Online never ‘overtook’ TV anyway
Ironically, despite what the IAB announced a year ago, ‘online advertising’ never finally ‘overtook’ TV in 2009. If you want all the numbers here goes…

Ofcom’s figures, the most reliable source, list net TV revenue in 2009 at £3.136bn. Expressed as a number gross of 15% agency commission that comes to £3.689bn. The Advertising Association figures are generally listed gross of 15% agency commission for all media. They have 2009 TV spot revenue only at £3.525bn gross, plus listed separately is £160m of TV sponsorship.  Together that comes to £3.685bn gross, almost exactly Ofcom’s number.  The AA uses the IAB’s self-published figure for ‘online advertising’ of £3.541bn gross in 2009. 

There you have it: TV (excluding online TV) took £3.685bn in gross advertising revenue in 2009 and the whole online sector £3.541bn gross.

It gets confusing because the AA separates TV sponsorship from spot and lots of people get mixed up between net and gross (including some very large media agencies). So TV wasn’t overtaken it seems, so therefore can’t have regained some spurious position it never lost in the first place. 

But we genuinely don’t care
Who does?  We haven’t made a big deal out of this ourselves because, however tempting it might be, we are not in the business of comparing the two (Ok, apart from right now, but that’s only to show how fatuous it is). TV’s share of total and display advertising rose last year (as it also did in 2008), which might have justified a bit of showing off.  But when TV revenues were down nearly 10% it seemed a bit sick to get excited.  A year will probably come again when the online sector grows faster than TV but we’ll still be happy as long as it’s not at TV’s expense.

Real reasons to celebrate

2010 is a different issue.  Display advertising has come back strongly this year.  All media that are brand building are doing better, from cinema to outdoor. TV revenue seems to be growing by more than 12% and faster than any other medium this year.  All of 2009’s revenue decline will be regained .  Now those are facts we are happy to say ‘Whoopee’ to.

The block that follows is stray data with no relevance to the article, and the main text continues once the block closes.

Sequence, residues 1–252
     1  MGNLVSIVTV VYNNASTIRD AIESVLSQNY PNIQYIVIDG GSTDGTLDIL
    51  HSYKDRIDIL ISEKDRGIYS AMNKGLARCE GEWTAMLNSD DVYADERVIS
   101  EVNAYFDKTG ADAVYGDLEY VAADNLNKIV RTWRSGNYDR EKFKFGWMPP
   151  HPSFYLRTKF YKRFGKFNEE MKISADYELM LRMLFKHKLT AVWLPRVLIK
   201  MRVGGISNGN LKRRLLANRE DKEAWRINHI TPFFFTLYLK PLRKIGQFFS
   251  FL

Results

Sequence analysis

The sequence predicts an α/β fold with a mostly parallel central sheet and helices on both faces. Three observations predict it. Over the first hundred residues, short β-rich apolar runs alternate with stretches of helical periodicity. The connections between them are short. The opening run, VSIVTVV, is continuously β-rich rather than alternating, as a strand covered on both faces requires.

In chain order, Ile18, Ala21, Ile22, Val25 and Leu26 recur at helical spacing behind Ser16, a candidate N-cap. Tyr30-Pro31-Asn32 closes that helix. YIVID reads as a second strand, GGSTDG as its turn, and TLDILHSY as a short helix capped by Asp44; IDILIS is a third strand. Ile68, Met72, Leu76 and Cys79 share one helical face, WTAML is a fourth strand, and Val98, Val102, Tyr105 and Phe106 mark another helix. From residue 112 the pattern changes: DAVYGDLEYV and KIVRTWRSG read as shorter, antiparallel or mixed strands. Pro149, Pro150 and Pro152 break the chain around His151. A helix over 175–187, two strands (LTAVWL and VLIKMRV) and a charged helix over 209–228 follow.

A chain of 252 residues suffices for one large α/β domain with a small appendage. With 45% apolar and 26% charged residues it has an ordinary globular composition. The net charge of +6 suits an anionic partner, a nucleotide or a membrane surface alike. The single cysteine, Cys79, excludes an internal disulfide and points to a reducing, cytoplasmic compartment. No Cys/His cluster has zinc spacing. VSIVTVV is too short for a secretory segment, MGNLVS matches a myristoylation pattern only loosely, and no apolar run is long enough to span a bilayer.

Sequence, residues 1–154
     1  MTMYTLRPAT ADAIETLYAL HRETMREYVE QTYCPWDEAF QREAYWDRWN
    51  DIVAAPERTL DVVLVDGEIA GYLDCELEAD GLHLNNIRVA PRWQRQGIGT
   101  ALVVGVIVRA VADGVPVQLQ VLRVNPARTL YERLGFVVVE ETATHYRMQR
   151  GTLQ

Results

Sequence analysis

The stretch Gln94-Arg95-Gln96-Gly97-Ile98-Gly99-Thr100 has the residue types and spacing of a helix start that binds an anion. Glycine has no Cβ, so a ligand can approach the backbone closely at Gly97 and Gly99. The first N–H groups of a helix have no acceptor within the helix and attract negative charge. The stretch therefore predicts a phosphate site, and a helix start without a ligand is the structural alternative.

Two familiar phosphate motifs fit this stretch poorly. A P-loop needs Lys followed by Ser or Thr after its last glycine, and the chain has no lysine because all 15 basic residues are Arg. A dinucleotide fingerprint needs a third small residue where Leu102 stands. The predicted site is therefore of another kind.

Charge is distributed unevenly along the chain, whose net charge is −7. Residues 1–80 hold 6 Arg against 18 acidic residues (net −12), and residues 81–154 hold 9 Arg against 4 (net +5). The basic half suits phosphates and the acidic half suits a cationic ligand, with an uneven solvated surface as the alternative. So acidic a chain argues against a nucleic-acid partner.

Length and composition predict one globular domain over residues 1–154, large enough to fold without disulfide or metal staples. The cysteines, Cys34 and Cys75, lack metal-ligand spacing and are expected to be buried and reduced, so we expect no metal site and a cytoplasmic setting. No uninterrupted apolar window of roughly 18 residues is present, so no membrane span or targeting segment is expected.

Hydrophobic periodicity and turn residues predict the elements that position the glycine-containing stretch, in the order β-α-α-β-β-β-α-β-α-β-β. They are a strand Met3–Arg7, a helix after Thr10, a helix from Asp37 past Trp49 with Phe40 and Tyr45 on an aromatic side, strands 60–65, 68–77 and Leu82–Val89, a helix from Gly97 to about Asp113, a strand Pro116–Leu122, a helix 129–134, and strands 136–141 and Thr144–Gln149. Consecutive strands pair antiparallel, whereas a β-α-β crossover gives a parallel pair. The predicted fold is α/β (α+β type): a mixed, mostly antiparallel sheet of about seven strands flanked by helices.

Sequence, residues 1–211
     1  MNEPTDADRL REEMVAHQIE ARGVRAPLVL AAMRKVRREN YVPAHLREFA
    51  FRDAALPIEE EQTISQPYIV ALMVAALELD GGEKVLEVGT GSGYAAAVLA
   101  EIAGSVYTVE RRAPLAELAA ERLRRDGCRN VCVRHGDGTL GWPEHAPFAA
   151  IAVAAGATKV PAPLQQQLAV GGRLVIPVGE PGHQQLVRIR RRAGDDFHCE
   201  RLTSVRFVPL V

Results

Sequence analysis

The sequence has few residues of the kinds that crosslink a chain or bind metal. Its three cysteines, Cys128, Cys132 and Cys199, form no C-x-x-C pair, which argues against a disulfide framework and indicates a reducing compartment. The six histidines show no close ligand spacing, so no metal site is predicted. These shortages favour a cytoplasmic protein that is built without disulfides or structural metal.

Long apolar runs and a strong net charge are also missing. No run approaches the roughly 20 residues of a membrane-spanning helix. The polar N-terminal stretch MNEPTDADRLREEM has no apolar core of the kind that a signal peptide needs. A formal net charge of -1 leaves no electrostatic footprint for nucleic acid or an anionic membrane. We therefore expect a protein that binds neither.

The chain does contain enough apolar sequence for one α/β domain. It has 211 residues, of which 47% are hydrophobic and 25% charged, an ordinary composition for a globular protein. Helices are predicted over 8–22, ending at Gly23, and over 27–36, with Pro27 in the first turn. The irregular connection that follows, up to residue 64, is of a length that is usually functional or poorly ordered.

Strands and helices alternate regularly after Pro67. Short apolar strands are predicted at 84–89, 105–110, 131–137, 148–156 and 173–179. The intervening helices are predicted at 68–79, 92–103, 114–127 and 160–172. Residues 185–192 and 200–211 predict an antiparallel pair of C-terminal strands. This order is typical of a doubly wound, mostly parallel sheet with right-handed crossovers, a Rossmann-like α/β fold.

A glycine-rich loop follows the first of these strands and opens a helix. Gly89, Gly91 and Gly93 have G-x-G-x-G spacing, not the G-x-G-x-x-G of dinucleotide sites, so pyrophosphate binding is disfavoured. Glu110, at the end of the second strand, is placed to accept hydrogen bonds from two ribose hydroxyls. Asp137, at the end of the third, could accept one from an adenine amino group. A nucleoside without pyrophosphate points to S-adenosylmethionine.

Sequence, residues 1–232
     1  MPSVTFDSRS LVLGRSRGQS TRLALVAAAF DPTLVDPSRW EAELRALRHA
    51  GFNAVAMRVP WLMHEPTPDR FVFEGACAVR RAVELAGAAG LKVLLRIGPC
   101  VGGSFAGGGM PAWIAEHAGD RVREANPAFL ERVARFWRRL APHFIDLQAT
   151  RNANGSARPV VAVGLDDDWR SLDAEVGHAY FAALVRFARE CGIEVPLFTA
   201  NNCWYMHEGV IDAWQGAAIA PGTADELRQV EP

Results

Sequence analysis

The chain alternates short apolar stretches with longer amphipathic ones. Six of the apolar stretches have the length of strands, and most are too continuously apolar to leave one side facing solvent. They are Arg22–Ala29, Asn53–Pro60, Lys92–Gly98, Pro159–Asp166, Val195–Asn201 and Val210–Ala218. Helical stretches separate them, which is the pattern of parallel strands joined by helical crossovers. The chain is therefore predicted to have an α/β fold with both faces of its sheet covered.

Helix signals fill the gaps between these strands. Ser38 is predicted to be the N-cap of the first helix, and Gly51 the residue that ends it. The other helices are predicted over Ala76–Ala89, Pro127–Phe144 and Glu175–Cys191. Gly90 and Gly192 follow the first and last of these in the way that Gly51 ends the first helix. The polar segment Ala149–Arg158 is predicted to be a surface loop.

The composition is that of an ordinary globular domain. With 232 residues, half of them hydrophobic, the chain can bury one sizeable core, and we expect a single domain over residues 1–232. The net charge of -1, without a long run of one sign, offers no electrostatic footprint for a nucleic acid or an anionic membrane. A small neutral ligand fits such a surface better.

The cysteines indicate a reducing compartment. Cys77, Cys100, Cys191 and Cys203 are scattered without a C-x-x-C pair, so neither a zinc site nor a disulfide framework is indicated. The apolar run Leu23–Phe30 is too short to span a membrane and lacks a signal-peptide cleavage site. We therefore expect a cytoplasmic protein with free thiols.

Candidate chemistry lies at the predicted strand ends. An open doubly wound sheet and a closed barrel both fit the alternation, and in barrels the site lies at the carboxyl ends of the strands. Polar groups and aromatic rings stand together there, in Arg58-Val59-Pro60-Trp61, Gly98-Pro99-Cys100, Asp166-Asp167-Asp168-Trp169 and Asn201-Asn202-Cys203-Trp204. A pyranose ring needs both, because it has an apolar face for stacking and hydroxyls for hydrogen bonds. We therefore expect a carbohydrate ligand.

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  • http://uk.linkedin.com/in/mauricecflynn MauriceCFlynn

    Good summary Tess – I guess the underlying debate is the rate of development of TV content as an interactive experience and the level of demand amongst marketers for measure-ability. As a lot of people seem to want more of both, the integration of internet in TVs is hear to stay.

  • Dennis Vasilev

    Well – TV – 25.2% share of advertising spendings, Internet – 24.3%, Combined – 49.5%. Almost equal between themselves, and bigger than all the rest, like USA and USSR some years back – only cooperation is mutualy beneficial in this case, in fact we all will benefit from such thing.

  • Kamen Krachunov

    There is a major difference between the TV and internet advertisements , and I agree with the thesis of the author that they don’t compete. If you don’t want to get any advertisements over the Internet , you will just ban the advertisements through you browser. That’s not something you can do with the TV, especially during the big sports events like the football world cup or the Olympic games and that explains why the TV have better advertising revenues.